Thursday, June 18, 2009

Well...At Least The Effort Was Heroic.

There is really no way to tell the tale of this day. I can only share it as it happened to me: in a series of blurred, disconnected events. Events that simply define the end of a school year. Events that, while not tragic and sometimes even a little funny after the fact, just seem to suck the life out of you.

4:20 a.m.: Woke Up. Realized that I was awake. Did not find myself particularly amused by this fact.

4:30 a.m.: Accepted the fact that I was awake. Some things are just inevitable. I got up.

5:45 a.m.: Stood staring in horror at the Absurdly Gi-normous Kitty while he sneezed all over the bedroom window. My suggestion that he go get a paper towel and clean up this impromptu snot art was not met with enthusiasm. I packed up my breakfast, grabbed my coffee and left for work early. This is one of those other things that falls under the heading of "inevitable."

6:30 a.m.: Arrived in my classroom thinking that I might as well get something done and make getting in so stupidly early worth it. However, the custodian was cleaning the room so it really wasn't feasible.

Custodian: Goodness! You are early today!

Ms. Sheep: Yeah. I must really love my job.

Custodian: Um...OK. It's probably something like that.

7:20 a.m.: High fived the guy who does morning bus duty with me. We've been counting down the weeks until our last scheduled day of this torture and are giddy with joy at hearing the bell signaling the start of the school day.

8:00 a.m.: Informed my class of the day's schedule:

In short, we will be sitting quietly until it is time to go do something. If we cannot find a quiet activity until then or if we bother Ms. Sheep in any way, shape or form then we will not get to go do that thing when it is time to go do it.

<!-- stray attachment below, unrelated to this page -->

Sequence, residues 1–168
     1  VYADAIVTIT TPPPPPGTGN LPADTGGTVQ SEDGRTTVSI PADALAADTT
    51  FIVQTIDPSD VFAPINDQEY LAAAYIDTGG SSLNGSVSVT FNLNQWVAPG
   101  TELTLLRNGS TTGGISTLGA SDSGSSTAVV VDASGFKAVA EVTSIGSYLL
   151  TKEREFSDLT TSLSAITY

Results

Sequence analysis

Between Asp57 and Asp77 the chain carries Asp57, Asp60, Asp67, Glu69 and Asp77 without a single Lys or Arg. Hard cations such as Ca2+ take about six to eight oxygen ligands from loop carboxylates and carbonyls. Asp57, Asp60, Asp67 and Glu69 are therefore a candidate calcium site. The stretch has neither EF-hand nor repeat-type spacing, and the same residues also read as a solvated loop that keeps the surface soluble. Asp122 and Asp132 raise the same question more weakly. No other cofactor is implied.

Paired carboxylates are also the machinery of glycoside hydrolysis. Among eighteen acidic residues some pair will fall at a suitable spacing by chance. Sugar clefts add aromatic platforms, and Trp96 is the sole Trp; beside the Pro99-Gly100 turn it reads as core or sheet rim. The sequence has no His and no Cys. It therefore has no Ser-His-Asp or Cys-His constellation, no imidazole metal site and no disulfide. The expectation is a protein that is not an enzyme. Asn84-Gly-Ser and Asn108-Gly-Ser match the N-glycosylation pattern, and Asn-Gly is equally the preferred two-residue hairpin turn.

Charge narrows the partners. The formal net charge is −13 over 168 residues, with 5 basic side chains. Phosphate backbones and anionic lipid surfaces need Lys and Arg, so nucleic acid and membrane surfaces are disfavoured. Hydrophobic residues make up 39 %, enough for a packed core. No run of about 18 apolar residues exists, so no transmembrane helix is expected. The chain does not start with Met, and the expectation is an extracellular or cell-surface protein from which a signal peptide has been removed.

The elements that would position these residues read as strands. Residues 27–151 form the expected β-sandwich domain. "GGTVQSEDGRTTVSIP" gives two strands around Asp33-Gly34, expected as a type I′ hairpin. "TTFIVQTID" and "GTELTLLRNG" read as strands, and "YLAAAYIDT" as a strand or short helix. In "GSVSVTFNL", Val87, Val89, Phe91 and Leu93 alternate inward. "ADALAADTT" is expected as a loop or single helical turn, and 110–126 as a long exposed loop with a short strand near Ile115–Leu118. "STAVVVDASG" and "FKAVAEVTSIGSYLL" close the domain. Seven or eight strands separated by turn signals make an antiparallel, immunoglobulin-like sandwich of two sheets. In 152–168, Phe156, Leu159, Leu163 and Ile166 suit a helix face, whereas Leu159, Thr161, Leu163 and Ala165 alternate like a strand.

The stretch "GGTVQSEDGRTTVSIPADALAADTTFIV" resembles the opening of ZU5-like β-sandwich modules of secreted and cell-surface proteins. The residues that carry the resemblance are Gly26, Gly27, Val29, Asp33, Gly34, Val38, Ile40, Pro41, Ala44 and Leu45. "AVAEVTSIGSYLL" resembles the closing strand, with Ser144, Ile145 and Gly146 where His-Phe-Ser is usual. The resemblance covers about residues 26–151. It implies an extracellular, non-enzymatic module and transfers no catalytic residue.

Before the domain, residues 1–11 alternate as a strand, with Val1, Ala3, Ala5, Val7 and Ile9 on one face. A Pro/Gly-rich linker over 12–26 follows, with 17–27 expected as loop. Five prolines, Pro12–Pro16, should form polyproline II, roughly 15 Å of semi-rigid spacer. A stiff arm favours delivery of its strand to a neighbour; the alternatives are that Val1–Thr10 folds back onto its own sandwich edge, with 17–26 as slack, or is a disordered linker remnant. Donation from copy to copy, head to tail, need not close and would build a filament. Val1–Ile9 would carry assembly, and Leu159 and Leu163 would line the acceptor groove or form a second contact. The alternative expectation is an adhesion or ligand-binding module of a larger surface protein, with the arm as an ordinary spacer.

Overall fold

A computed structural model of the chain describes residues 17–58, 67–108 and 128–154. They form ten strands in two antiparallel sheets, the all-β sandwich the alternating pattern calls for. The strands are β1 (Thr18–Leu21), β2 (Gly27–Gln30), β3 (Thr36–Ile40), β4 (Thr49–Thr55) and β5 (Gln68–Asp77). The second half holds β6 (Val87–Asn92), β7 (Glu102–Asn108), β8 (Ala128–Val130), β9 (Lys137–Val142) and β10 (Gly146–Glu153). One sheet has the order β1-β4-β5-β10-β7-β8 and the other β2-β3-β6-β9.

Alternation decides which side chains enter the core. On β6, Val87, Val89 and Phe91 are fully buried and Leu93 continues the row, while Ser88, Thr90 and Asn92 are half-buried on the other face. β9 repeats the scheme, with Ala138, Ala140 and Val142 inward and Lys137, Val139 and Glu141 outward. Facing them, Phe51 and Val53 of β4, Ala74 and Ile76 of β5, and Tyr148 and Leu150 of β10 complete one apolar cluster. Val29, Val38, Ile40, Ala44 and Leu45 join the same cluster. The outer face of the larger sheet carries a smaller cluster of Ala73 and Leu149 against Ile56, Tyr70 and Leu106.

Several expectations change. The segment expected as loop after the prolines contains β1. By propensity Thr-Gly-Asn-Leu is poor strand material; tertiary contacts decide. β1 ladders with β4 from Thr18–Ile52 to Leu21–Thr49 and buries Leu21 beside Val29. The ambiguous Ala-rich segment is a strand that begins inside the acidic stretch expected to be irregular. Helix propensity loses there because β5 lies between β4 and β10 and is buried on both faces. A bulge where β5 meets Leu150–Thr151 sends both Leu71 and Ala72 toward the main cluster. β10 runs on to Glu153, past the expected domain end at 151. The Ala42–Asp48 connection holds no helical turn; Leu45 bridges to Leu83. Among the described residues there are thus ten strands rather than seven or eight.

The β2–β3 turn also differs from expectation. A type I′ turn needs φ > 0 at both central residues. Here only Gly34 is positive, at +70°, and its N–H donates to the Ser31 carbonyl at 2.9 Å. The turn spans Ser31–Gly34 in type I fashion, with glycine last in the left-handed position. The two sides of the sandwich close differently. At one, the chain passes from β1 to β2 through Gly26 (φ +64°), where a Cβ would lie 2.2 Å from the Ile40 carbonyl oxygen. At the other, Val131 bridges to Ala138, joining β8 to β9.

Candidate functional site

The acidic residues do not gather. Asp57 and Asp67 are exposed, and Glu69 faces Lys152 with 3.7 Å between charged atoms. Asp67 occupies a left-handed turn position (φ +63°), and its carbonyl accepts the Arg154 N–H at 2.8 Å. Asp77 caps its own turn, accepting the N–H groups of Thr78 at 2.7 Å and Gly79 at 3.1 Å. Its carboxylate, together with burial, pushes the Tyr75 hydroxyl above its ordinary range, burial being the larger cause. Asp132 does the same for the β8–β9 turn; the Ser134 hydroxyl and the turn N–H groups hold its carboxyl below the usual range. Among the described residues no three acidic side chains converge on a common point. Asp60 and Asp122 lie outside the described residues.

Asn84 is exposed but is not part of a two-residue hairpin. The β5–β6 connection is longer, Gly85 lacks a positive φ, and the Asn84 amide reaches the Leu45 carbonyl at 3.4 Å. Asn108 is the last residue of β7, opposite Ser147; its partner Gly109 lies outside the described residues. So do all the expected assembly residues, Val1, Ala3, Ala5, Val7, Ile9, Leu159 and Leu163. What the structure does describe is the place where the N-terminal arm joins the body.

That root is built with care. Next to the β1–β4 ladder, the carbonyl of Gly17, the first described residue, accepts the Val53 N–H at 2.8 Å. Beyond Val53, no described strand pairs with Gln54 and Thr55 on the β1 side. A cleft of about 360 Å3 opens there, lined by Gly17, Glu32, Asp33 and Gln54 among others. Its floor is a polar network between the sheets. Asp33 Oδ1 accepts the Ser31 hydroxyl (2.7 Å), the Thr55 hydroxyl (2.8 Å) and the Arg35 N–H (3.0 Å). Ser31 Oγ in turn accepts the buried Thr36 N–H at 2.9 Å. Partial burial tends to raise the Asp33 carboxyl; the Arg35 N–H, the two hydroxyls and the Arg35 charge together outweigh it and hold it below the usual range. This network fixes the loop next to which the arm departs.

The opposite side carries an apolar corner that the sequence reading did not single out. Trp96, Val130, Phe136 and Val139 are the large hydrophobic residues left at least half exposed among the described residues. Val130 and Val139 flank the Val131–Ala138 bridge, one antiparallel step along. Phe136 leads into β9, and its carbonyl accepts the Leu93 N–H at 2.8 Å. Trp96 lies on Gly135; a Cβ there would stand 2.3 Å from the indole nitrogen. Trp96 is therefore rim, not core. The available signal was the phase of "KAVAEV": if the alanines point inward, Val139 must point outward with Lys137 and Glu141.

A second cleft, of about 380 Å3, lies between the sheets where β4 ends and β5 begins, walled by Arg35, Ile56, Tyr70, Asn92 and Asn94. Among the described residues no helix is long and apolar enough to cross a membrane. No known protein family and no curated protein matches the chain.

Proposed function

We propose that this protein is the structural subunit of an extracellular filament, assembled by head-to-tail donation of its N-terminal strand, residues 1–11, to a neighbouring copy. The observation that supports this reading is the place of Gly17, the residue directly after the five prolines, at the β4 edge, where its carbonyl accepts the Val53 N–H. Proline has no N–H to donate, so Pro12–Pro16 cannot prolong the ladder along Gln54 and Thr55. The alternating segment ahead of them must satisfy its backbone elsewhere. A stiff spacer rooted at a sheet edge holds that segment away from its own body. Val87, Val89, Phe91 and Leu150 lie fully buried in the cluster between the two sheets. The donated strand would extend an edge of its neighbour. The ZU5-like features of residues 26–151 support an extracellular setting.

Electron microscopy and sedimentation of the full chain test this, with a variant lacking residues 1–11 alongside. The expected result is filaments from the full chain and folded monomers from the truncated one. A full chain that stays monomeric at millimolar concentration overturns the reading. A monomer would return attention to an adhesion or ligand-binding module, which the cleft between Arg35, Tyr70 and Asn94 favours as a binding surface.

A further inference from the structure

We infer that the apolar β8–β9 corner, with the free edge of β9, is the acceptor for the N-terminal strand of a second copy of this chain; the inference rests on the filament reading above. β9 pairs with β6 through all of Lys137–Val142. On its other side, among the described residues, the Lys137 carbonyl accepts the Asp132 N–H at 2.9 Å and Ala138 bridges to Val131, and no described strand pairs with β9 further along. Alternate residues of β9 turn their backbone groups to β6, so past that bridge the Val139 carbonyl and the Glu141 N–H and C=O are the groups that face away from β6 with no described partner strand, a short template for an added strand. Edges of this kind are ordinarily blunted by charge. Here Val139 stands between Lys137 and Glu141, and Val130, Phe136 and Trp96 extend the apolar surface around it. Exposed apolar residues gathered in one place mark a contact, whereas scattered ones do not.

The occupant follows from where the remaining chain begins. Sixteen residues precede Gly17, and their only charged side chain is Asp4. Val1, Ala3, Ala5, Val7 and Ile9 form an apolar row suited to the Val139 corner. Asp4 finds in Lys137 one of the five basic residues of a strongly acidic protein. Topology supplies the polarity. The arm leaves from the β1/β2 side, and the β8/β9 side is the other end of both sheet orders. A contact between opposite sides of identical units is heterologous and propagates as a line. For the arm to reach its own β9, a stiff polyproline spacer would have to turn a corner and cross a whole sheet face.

Note: The "things" varied by grade so it was best to be kind of general in my description of the itinerary.

9:00 a.m.: 7th graders left for their field trip to the water park, accompanied by my teaching assistants. 8th graders left for the gym for what I believed would be a brief and well-run Promotion Ceremony Rehearsal.

10:45 a.m.: Was still making kids stand in the hallway, walk in a line, sit in chairs, get up, go back to the hallway and do it all over again for the fifty millionth time. Was also struck by the realization that only one other teacher besides myself was getting up and doing this with them. The other teachers were all staying in the gym and critiquing the walking while the two of us tried to keep the peace in the hallway.

I announced: When I write the story of my life, this will be the part where I go to prison.

11:00 a.m.: Back in the hallway and surrounded by kids whose behaviors included sitting in a slumped heap and refusing to get up, punching each other playfully into unconsciousness and doing things which may or may not result in the birth of the next generation right there in the stupid hallway.